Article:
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  • The Original: The 2002 Hong Kong crime film Infernal Affairs was co-directed by Andrew Lau and Alan Mak, and follows an undercover cop (Tony Leung) who infiltrates the Triad, unaware that a fellow police officer (Andy Lau) is working as a mole for the criminal organization. The film was a sleeper hit in the US after Miramax acquired it for distribution.

    The Remake: While Martin Scorsese used Infernal Affairs as the basis of his American remake, The Departed, the screenplay by William Monahan also integrated elements from the sequel and prequel films, Infernal Affairs II and Infernal Affairs III. The crime narrative was adapted to be set in Boston, with Leonardo DiCaprio in the role of undercover cop Billy Costigan and Matt Damon playing the police officer mole working for Irish Mob boss Frank Costello (Jack Nicholson). The revised remake won the Academy Award for best picture, as well as best adapted screenplay and best director, providing Scorsese with another memorable entry in the gangster genre.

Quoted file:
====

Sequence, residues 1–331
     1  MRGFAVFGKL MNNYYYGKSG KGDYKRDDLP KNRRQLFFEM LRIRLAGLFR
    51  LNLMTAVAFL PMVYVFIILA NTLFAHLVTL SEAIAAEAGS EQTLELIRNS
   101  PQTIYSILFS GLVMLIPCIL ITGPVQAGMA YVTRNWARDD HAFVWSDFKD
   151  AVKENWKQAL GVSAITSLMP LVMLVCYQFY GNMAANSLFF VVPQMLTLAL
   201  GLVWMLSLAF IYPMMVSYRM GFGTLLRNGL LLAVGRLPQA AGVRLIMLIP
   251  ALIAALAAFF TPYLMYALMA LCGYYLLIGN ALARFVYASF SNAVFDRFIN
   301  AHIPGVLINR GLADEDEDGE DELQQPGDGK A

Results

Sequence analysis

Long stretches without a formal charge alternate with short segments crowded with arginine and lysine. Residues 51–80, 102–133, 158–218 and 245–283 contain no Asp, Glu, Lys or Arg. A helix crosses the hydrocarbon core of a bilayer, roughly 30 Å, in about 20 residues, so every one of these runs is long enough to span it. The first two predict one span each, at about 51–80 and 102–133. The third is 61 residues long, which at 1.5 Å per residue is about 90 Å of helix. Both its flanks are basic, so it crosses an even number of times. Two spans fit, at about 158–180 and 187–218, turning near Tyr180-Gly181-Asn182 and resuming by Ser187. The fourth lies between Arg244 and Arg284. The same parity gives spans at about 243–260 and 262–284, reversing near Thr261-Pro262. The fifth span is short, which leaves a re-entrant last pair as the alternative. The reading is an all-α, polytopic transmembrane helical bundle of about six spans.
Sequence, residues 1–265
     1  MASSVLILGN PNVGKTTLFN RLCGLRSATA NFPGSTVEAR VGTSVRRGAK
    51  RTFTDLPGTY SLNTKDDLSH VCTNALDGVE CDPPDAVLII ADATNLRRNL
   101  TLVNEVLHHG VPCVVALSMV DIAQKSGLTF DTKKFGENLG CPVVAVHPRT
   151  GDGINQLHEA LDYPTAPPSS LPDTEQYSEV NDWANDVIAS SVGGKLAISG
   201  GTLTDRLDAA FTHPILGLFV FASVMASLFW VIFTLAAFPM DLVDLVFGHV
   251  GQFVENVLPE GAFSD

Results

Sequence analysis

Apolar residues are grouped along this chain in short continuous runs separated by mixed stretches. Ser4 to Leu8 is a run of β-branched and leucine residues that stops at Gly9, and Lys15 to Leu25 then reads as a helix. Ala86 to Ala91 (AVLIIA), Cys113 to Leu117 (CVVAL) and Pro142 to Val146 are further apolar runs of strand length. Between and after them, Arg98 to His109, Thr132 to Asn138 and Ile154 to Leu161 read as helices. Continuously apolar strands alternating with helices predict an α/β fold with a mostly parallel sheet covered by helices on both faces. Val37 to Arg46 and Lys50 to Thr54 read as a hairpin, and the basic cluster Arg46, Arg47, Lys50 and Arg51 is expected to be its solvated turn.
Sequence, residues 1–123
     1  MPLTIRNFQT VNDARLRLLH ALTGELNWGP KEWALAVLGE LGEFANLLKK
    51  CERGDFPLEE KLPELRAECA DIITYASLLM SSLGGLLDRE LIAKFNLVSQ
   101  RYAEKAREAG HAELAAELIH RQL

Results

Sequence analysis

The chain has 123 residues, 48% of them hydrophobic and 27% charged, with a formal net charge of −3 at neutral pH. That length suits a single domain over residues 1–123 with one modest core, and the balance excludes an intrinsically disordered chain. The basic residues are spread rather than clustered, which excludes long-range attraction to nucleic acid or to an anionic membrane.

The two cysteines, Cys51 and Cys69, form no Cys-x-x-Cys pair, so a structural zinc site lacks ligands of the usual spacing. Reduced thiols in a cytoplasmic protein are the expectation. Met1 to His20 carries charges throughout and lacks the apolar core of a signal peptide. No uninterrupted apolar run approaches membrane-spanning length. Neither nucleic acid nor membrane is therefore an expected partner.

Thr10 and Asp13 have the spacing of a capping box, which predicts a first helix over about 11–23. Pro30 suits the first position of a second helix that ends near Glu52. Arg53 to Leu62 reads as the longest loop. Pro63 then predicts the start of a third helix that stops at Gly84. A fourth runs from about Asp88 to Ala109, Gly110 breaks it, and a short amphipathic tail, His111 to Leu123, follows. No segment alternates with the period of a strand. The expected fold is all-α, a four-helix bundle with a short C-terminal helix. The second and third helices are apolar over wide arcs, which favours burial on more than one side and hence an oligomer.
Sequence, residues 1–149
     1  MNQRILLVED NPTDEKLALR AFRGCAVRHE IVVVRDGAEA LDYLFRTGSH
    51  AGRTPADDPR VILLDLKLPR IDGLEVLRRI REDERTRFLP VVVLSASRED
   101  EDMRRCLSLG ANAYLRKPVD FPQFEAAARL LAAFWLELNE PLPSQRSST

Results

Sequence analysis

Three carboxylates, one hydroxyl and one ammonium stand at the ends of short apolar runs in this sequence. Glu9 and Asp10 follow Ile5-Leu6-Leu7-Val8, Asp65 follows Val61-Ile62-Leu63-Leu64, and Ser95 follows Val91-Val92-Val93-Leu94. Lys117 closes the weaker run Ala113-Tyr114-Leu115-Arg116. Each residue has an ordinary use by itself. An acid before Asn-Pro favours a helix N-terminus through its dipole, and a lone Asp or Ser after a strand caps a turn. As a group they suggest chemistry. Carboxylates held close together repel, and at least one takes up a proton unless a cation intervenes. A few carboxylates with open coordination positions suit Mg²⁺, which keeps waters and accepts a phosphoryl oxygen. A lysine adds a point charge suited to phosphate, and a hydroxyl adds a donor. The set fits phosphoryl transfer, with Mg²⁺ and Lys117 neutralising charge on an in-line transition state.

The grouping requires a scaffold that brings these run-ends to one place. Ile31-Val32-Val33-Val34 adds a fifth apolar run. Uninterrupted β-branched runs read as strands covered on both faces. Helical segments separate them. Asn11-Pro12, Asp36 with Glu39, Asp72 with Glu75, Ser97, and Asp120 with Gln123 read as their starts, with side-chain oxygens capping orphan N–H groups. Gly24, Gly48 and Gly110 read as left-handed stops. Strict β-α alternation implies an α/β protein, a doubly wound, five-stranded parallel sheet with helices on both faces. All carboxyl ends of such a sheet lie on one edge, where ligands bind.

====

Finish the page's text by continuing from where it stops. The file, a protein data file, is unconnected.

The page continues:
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  • The Original: Based on a 1953 short story by Elmore Leonard, 3:10 to Yuma is a 1957 Western about a rancher (Van Heflin) who accepts the task of getting an outlaw (Glenn Ford) on the 3:10 train to Yuma. In order to do that, he must withstand an assault by the outlaw’s gang members. 3:10 to Yuma was a success with critics and audiences alike, during a period with many Western film options.

    The Remake: Directed by James Mangold, the remake of 3:10 to Yuma features Christian Bale in the role of the heroic rancher, with Russell Crowe playing the outlaw and leader of the gang of bandits. As spectacular as the original film is, the remake improves upon it with rich color photography and character-driven action sequences that pack a punch. The film was a critical and financial success, which is often a difficult feat for both remakes and Westerns.